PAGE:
With all due respect to the seriousness of the financial situations at San Bernardino, Stockton and Vallejo -- I know those cities and believe me, Long Beach is no San Bernardino, Stockton or Vallejo.
- In each of those cities, money was spent on developments that obligated the city funds at a time revenues were on the decline because of the real estate market and stock market bust. Long Beach did not undertake similar projects -- even though it has been approached on recent occasions to consider tearing down city hall and leasing (to buy) a new city hall.
- In the case of San Bernardino, apparently the budget figures given to the council were bogus for 16 years -- and their budget wasn 't balanced. Due to the diligence of several council members who ask in depth questions about the budget, the budgets are real in Long Beach.
- In all cities, lifetime health care benefits were given to employees. Long Beach DOES NOT provide such a costly benefit.
- Those three cities were unable (or unwilling) to negotiate pension reforms with their employees -- to have employees pay their contributions and to increase retirement age and to reduce the amount paid out at retirement. Long Beach has been very successful in negotiating these reforms with our employees groups -- we are awaiting the final agreement with our miscellaneous employee (non public safety) group to have this completed.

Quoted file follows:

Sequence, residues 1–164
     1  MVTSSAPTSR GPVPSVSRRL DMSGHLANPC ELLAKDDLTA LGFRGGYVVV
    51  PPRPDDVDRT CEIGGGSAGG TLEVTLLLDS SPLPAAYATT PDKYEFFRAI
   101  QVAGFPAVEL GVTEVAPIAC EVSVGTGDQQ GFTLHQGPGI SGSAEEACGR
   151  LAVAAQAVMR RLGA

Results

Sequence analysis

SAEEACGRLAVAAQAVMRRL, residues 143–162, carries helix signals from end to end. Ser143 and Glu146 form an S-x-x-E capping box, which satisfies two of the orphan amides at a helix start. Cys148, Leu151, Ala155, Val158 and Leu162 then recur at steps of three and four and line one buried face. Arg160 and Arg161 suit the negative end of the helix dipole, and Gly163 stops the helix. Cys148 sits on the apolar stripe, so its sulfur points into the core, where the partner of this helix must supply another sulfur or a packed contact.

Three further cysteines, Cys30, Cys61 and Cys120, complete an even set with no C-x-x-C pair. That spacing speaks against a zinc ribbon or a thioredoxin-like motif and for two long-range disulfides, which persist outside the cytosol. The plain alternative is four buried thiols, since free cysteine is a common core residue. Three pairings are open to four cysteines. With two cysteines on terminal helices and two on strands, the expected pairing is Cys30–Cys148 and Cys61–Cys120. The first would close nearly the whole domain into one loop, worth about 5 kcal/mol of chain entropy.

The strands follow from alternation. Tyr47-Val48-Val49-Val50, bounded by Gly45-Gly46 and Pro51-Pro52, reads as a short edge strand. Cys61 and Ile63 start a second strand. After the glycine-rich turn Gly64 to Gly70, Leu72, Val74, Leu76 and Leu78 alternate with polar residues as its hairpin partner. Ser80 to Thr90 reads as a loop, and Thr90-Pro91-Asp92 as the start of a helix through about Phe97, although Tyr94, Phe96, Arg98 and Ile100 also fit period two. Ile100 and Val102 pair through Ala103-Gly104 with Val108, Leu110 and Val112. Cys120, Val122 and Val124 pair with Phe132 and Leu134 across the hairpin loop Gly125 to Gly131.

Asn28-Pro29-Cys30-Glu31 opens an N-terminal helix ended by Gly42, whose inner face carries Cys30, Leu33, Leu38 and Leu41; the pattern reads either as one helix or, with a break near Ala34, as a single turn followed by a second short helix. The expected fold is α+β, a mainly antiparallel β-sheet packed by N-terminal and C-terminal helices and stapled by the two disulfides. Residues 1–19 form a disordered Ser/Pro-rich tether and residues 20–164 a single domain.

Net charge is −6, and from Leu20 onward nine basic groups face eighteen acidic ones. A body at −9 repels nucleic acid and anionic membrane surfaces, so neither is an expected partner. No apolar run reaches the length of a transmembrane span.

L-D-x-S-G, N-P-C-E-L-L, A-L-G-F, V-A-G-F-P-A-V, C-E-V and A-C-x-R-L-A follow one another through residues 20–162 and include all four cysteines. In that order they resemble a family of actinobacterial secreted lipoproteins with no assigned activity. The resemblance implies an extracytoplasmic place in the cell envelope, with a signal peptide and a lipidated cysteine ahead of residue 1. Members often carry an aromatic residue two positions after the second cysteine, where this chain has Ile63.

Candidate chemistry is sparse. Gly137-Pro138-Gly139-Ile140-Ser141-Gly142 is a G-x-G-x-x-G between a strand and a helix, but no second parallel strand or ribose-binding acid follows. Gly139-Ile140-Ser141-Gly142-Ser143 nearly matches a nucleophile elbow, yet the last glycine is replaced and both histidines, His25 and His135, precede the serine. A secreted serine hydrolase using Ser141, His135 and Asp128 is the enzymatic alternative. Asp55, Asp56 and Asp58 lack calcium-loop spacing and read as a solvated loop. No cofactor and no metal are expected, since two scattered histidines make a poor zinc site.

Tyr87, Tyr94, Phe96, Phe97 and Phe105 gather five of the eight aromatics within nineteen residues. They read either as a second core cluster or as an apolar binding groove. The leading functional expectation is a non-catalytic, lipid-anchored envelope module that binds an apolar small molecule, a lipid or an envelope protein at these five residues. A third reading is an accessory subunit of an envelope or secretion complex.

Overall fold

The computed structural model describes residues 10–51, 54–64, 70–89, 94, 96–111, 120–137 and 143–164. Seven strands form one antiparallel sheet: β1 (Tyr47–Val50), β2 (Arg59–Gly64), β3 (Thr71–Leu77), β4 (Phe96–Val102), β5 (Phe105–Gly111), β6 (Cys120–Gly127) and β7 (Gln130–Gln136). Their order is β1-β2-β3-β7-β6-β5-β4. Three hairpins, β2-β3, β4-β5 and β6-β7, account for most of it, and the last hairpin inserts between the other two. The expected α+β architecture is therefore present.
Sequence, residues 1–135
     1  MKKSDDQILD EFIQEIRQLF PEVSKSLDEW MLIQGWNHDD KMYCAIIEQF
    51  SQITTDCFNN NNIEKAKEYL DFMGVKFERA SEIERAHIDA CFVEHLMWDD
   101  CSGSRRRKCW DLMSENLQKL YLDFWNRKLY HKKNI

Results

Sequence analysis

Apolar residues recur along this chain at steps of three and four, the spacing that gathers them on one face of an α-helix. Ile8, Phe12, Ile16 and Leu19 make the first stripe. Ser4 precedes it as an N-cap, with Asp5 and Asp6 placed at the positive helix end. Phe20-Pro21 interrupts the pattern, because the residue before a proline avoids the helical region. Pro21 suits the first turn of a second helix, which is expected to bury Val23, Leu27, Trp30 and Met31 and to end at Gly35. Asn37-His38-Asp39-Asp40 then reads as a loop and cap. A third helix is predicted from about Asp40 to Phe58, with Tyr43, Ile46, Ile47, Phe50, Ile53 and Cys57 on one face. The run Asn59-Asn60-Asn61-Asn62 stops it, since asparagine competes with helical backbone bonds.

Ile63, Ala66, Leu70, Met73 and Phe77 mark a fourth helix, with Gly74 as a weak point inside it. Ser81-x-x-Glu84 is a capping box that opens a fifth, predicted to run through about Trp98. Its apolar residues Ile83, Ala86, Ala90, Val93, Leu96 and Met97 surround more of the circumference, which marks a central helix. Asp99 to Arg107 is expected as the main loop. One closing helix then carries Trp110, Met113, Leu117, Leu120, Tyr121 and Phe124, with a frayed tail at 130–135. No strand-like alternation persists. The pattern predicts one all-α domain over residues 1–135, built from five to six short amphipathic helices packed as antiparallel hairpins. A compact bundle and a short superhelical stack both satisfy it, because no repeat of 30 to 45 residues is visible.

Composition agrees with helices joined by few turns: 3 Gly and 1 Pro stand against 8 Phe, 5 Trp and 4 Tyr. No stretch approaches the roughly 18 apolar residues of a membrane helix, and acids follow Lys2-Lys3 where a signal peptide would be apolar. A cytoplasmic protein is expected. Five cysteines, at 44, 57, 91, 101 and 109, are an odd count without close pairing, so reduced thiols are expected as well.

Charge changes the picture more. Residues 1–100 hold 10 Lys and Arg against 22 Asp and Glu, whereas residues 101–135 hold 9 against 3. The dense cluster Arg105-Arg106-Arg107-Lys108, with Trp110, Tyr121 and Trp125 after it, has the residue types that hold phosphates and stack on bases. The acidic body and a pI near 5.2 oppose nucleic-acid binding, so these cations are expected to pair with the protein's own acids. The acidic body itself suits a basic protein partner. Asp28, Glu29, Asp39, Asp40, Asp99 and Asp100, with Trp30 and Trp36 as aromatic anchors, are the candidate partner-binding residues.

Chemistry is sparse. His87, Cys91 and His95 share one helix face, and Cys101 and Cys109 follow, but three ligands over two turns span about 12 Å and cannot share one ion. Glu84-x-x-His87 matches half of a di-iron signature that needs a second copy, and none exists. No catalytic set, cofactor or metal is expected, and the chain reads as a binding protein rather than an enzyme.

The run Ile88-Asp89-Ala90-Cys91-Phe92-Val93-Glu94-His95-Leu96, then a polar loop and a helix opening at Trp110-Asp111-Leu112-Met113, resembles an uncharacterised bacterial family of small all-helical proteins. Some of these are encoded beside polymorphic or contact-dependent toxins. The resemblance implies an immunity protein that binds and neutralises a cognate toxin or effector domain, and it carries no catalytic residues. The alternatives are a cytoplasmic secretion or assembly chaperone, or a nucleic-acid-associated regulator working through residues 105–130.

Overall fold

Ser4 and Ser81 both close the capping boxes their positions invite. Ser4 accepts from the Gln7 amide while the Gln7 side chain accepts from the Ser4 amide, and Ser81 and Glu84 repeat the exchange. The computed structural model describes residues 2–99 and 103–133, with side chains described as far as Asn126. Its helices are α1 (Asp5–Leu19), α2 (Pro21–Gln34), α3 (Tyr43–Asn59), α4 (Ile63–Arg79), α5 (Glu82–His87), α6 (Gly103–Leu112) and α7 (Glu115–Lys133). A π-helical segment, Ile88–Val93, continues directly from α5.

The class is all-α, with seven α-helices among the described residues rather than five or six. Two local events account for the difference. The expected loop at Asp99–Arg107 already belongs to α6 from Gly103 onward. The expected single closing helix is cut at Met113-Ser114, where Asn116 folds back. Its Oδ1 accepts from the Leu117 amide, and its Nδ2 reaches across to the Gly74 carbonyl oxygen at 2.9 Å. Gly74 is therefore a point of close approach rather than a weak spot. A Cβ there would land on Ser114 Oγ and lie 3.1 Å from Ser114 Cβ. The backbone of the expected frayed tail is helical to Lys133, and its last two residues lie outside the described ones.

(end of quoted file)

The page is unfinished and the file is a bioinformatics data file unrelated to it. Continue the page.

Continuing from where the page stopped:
- Unlike the three other cities, Long Beach owns and operates its own port, airport, oil wells, gas utility and water utility.
- Unlike the other three cities, Long Beach historically has placed sufficient funds into its reserves. San Bernardino apparently only had $115,000 in reserves. That is outrageous.
- In all three cases, the bankruptcy law does not allow the cities to escape their pension debt. Long Beach also cannot escape its pension debt or unfunded liability. (It's like a mortgage. You get something in return for the promise to pay off the cost of that something over a long period of time. The city agreed to pay for pensions of its employees. It cannot suddenly decide it doesn't want to.)
1. Adhere to Responsible Management and Fiscal Practices
2. Focus on Core Services
3. Pursue Alternative Service Delivery Models
4. Maintain a Sustainable Workforce
5. Raise New Revenues while Protecting and Maximizing Existing Sources
I will continue discussing our City finances as we begin the FY 2013 Budget cycle. I will continue asking questions and demanding the best for the residents of Long Beach.